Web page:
These devices are to get you used to wearable tech that tracks you and your movements under the guise of helping you accomplish something. Ita a necessary step to get people to be OK with micro chipping and other tech/brain/human interfaces. Who really owns the data collected when you wear a fitbit?
If you want to go back to the dark days, go live in a cave.  Your whereabouts are tracked by many devices.  In fact, why are you posting on MMM? Your IP address, your PC / browser info is being leaked online.  You shouldn't even be here posting info, willingly giving away your info to strangers!

In all honesty, WTF is fitbit or any random company going to do with my sleep data?  I use a junk email for my fitbit that I never check (but I never get spam from them), and I don't use my fitbit to job or run, so no GPS data.  So what is there to be afraid of?

Some of this privacy stuff is prudent, some of it is absurd.  Fitbit is losing money, if they're making money on all the data they're collecting off of you, they're sucking at it.  Concerns about this issue is a non-issue, imho.

So the only two options are total buy in or live in a cave? That's not a very convincing argument. It's not really about selling data either. I know of at least one case where wearable data was used to convict someone and send them to jail.
“The hardest thing in the world is to simplify your life. It’s so easy to make it complex. What’s important is leading an examined life.”

Yvon Chouinard

trollwithamustache

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Re: Permission to buy a Fitbit
« Reply #78 on: February 15, 2018, 08:02:28 AM »

I'm still stuck on this issue.  If I wake up at 3 am every night and can't get back to sleep, what difference does it make if a hyped up wrist watch records this information?  How does that help me solve the problem?

since the fit bit cant tell time, its not really fair to call it a hyped up wristwatch!


GuitarStv

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Re: Permission to buy a Fitbit
« Reply #79 on: February 15, 2018, 08:31:57 AM »

I'm still stuck on this issue.  If I wake up at 3 am every night and can't get back to sleep, what difference does it make if a hyped up wrist watch records this information?  How does that help me solve the problem?

since the fit bit cant tell time, its not really fair to call it a hyped up wristwatch!

Downgraded wristwatch?  :P

galliver

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Re: Permission to buy a Fitbit
« Reply #80 on: February 15, 2018, 12:42:09 PM »
Does anyone asking about the value of Fitbit data track their spending? What's the value of that? Why not just check your bank balance, which tells you if you're broke or not? Except of course we all know the value of it. Once you have the details, you can see what specifically caused any changes, get yourself back on track (watch your grocery bill, etc) or adapt your expectations if those changes are permanent/semi-permanent (e.g. if you get married, have a kid, they start daycare, you have to go on medication, etc). Maybe you adapt the former to balance out the latter. Whatever is going on, having the detailed information allows you to make better decisions to work toward your goal(s).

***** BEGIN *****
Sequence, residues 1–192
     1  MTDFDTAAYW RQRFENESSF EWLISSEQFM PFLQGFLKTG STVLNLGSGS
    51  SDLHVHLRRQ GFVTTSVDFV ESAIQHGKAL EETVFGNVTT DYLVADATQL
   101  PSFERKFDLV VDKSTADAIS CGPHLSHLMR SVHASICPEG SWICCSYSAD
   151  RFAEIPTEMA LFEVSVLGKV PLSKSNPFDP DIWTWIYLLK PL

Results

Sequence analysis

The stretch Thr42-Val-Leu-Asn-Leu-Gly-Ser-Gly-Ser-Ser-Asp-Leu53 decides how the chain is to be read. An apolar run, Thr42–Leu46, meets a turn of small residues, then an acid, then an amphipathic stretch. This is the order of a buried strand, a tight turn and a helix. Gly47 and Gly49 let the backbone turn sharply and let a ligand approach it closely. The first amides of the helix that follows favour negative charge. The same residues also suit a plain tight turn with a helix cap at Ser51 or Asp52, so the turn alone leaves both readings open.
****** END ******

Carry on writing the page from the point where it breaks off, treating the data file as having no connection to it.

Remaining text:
Maybe you're sufficiently established in your money habits that you don't budget, don't track in Mint or YNAB or on paper, you just check that your balances are doing what you expect. Maybe you're satisfied with your fitness and sleep habits and don't see a need for that data. That's fine. No one is trying to convince you to buy a Fitbit! Really! Enjoy not having one. But (some of) you are devaluing the choices of those who *do* find value in one, who find the information helps them make changes...whether by identifying patterns or by being a motivational force.

I have a Charge HR--all the trackers that didn't do heart rate seemed like glorified pedometers to me; I would probably get an off brand or $10 mechanical one of those, or just use my phone. A couple things I've noticed since using my Fitbit: I'm really sedentary when I work from home and it gets me down, so I've made a conscious effort to work a walk or run in on those days; sometimes, I'll do laps up and down stairs to meet my "floors" goal even though it's arbitrary; and when I feel really crappy going uphill on a hike or running, my heart rate is up there, and taking a break or slowing down helps me feel better and finish the activity (like a poster above, helps me recognize and accept when I might actually working too hard for my body and regulate so that I'm pushing myself a good amount). Could someone potentially have these insights without the help of a gadget? Certainly. But (a) *I* personally simply *wouldn't* have thought about things in quite the same way without the data in front of me and (b) we live in a society that teaches us to internalize and ignore our physical needs (sleep, movement, etc) for various other goals (work, school, caring for others, etc). Many of us are too accustomed to disregarding our body's cues that we are missing something (tiredness, bad moods, lack of focus, etc). Again, not true for *everybody,* and if you're in touch with yourself, that is fantastic and wonderful, move along. But what you see in this thread is many people saying "yes, this was of value to me" and some others saying "no it couldn't possibly have been." How can you possibly say that for someone else? About something you haven't even tried?